Patriots’ Offense Looked Uncomfortable, Offered More Questions Than Answers in Win Over Bills

Tom BradyA quick look at the stat sheet won’t tell you all you need to know about the Patriots’ offense.

The Patriots ran 89 plays and gained 431 yards against the Bills on Sunday, which might give off the feel of past successes, but numbers can be deceiving. Sure. Tom Brady and Danny Amendola looked like they’ve been doing this for years, hooking up 10 times for 104 yards on the afternoon, and Julian Edelman began to resemble the player every Patriots fan has expected him to be, catching seven passes for 79 yards and two touchdowns, but there were more questions than answers that came from the season opener.

While Amendola and Edelman showed consistency and chemistry with Brady in the passing game, they and running back Shane Vereen seemed to be the only ones. Brady looked Kenbrell Thompkins‘ way 14 times on Sunday, tying him with Amendola for the team lead in targets, but the rookie came down with only four of those passes for 42 yards. After a stellar preseason, Thompkins looked out of place for most of the game and even enacted the Brandon Lloyd “hit the deck” method on occasion, not even attempting to gain yards after the catch. Maybe they were just debut jitters, but Thompkins was expected to be the Patriots’ No. 2 receiver and the Pats are in desperate need of another receiving option, at least until Rob Gronkowski returns.

Speaking of tight ends, that was another area of concern for the Patriots in Buffalo. Michael Hoomanawanui was the only tight end to even hit the stat sheet, hauling in just one catch for five yards on the day, while rookie hype machine Zach Sudfeld was left with a big goose egg next to his name. Granted Brady targeted the two tight ends just three times (Hoomanwanui twice, Sudfeld once) in the game, but that was as much a result of them not getting open as it was his deferring to other options.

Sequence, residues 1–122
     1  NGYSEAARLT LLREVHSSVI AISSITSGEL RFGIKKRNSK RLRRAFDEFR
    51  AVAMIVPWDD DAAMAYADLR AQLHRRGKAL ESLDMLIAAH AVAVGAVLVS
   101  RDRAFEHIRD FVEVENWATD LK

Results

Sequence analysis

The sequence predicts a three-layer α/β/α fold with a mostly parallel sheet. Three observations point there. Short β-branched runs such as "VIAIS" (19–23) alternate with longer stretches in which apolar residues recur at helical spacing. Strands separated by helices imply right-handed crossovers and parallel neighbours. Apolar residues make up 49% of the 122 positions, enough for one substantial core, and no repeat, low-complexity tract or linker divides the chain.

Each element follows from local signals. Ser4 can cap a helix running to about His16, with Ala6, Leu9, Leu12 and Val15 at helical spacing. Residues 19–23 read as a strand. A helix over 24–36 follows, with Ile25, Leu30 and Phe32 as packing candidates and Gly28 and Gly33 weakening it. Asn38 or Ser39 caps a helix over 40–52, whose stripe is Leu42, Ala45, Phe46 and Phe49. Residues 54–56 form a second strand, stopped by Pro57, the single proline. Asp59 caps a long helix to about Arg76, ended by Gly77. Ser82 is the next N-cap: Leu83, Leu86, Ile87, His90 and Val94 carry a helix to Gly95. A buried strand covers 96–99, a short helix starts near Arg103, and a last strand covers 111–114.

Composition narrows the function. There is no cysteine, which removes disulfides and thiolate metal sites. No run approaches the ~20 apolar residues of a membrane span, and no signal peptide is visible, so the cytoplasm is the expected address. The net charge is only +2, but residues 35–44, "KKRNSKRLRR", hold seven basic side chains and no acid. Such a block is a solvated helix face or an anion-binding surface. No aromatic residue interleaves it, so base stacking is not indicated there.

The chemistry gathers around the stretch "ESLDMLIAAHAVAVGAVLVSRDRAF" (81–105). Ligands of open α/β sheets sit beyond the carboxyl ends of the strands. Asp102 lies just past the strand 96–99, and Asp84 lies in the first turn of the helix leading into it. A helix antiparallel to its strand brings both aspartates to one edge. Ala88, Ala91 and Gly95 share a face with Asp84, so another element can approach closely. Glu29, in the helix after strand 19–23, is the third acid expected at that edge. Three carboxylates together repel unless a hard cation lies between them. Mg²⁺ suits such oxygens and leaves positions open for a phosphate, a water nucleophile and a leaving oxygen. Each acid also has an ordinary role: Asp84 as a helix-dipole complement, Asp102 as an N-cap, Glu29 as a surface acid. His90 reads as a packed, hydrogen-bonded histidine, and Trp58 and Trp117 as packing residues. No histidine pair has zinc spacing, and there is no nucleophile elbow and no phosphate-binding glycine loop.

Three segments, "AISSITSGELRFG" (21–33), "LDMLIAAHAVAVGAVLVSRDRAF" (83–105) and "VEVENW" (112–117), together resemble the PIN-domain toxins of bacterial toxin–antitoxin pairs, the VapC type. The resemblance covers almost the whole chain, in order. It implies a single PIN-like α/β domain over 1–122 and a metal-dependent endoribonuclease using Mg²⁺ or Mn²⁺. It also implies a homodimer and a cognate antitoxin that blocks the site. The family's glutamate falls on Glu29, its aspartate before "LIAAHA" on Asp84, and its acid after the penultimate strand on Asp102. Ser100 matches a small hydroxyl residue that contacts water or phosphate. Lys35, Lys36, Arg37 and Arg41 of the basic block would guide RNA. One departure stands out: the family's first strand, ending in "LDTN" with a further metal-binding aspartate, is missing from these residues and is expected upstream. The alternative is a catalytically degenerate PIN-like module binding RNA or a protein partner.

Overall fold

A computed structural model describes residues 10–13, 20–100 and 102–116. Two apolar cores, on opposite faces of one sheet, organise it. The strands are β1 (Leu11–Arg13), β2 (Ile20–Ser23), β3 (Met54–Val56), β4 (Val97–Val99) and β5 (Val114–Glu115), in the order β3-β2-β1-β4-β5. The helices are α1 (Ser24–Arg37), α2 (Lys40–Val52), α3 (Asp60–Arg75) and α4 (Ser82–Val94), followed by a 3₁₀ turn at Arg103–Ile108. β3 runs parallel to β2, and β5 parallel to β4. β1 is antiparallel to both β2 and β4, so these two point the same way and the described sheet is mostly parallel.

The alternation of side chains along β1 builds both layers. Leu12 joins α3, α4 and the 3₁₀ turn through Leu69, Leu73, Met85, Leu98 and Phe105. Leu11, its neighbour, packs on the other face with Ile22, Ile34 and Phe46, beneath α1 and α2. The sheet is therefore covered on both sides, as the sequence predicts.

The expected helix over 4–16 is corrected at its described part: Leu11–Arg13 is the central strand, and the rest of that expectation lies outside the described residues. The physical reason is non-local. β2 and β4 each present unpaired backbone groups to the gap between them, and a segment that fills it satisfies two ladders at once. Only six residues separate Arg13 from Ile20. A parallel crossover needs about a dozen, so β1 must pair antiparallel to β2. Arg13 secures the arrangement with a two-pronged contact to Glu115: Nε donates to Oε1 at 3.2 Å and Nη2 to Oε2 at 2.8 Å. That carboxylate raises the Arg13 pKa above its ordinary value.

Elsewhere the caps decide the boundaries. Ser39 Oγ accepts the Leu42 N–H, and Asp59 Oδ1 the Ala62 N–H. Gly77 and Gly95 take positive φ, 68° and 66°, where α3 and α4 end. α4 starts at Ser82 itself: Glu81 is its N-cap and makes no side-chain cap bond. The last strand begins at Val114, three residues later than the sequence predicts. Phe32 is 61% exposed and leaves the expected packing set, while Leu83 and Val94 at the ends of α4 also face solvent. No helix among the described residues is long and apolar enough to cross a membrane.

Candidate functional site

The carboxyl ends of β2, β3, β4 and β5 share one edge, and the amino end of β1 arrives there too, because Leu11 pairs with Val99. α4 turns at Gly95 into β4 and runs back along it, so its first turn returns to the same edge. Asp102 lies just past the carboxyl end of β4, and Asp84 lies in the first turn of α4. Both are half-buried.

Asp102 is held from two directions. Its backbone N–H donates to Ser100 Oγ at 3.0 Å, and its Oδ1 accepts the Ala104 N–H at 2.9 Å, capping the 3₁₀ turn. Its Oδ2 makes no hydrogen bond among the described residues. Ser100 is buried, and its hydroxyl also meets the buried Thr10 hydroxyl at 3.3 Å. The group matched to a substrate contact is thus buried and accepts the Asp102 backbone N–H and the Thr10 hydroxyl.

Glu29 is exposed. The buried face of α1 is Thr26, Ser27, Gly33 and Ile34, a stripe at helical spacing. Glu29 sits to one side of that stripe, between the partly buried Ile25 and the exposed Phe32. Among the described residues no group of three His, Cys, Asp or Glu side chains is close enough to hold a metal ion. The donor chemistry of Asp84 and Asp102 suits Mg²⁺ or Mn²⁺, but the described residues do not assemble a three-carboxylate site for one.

The lack of production from the tight end position was a clear sign of Gronk’s importance to the offense, but so was the Patriots’ struggles down in the red zone. The offense converted just two of five red zone trips on Sunday, which included a head-scratching four-down sequence that resulted in an ugly turnover at the goal line. Yes. Brady found Edelman twice on scores inside the red zone, but the lack of an easy jump ball option in the back of the end zone was apparent on more than one occasion, which likely sounded the Gronk alert on Josh McDaniels‘ cell phone.

The passing game wasn’t the only problem, either. Stevan Ridley, the Patriots’ 1,200-yard back from a season ago, fumbled twice in the first half, bringing back memories of the epidemic that saw him benched for much of his rookie season. After coughing up the second carry, which Bills safety Da’Norris Searcy returned 74 yards for a touchdown, Ridley was given a comfy seat on the bench not to be seen back on the field for the remaining 38 minutes of the game. As referenced earlier, Vereen had a breakout performance, carrying the ball 14 times for 101 yards to go along with seven catches for 58 yards on the day. So, there is at least hope for the running game, even if from an unexpected source.

Coming off of a promising preseason, there was so much excitement about the new-look Patriots’ offense, but clearly things aren’t as spectacular as some may have had you believe. Brady is going to be Brady, even when he’s not, but he’s not a miracle worker. His connection with Wes Welker, Aaron Hernandez and Danny Woodhead was built over time and with lots of hard work. Outstanding efforts from Amendola, Edelman and Vereen should instill a sense of encouragement for the offense as they head toward a short turnaround against the the Jets on Thursday, but it should by no means instill confidence.

There are still kinks to be worked out and concerns left to be raised. The Patriots got the desired result on Sunday, albeit chewing on their fingernails in the process, but it sure wasn’t pretty.

There are plenty of questions left lingering after Sunday’s 23-21 win, now it’s time to find some answers.

Have a question for Luke Hughes? Send it to him via Twitter at @LukeFHughes or send it here.

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